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Sport Governance Principles

Principle 6: The playbook

board processes which ensure accountability and transparency


Through effective processes and continual review of its performance, the board is able to demonstrate accountability and transparency to its members and stakeholders.

  • There is increased stakeholder understanding.
  • The level of trust is higher between the board and members as members are assured their interests are considered in decision-making.
  • Mistakes are not repeated as the board learns and adjusts processes accordingly.
  • The organisation is trusted, giving it greater access to resources and more freedom to operate.
  • Disputes are easily managed through an established resolution process.
  • Better decisions are made because directors understand their role and have the information they require.
Questions to ask
  • How do we ensure that directors are aware of and able to discharge their duties, powers and responsibilities?
  • What policies or practices can we put in place to assure stakeholders that the board is governing effectively and in the best interests of the organisation?
  • How do we identify and manage conflicts of interest (real and perceived)?
  • Are members able to find relevant policies for interaction with the board?
  • What are we communicating to stakeholders about the organisation’s progress and achievements?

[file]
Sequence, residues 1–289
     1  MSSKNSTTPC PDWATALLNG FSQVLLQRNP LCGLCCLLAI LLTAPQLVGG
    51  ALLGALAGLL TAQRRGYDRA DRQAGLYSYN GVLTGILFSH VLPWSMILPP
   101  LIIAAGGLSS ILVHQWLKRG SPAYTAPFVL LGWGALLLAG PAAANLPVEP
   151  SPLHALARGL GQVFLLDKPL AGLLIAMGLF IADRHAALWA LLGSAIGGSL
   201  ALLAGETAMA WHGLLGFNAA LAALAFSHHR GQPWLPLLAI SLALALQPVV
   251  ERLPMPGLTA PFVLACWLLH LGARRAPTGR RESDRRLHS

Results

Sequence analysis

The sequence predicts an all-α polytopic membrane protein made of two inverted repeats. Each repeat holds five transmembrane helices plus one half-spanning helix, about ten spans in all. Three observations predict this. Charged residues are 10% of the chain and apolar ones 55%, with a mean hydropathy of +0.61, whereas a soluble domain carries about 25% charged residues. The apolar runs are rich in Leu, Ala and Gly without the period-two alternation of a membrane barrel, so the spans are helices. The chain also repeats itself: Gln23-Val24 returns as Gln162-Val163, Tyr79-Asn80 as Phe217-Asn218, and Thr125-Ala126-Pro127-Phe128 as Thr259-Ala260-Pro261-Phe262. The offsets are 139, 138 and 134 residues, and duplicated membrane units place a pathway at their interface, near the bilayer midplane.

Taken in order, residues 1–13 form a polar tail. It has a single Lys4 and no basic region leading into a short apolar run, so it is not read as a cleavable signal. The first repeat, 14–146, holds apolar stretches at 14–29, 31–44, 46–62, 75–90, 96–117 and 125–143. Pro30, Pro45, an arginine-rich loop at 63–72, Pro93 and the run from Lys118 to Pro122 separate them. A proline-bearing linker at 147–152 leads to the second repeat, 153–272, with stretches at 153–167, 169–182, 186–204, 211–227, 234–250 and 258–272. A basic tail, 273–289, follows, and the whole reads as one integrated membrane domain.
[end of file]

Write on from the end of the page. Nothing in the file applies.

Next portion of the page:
Accountability and transparency

Accountability and transparency are often linked but are not interchangeable terms.

An organisation is accountable when it fulfils its responsibilities owed to another. In sport governance, the board is accountable to its members for its decisions and actions.

Transparency is providing visibility via the disclosure of information. Organisations should be transparent by providing insight into the operation of its board to assure members that the board and its directors are acting in the best interests of the organisation.

How can the board demonstrate accountability?

Documenting board processes and decisions provides accountability by defining how governance is actioned within the organisation. The documented processes can be referred to by directors and management to inform themselves of their individual responsibilities, while also providing guidance for directors and management to hold each other accountable. All decisions made by the board should be recorded, along with any evidence or information the board relied upon to make the decision. Documented decisions are a basis for evaluating accountability.

How can the board demonstrate transparency?

Public disclosure of the processes and policies which underpin the board’s operations and decision-making provide transparency. Such disclosure would allow members and stakeholders to be assured that the board is following good processes, creating confidence in the actions and decisions of the board.

Transparency does not mean that the board needs to disclose everything it discusses. Board meetings will, for example, involve discussions which are confidential and should not be made public. Having documented processes about what, when, and by whom information will be disclosed allows the board to be transparent without compromising the need for confidentiality.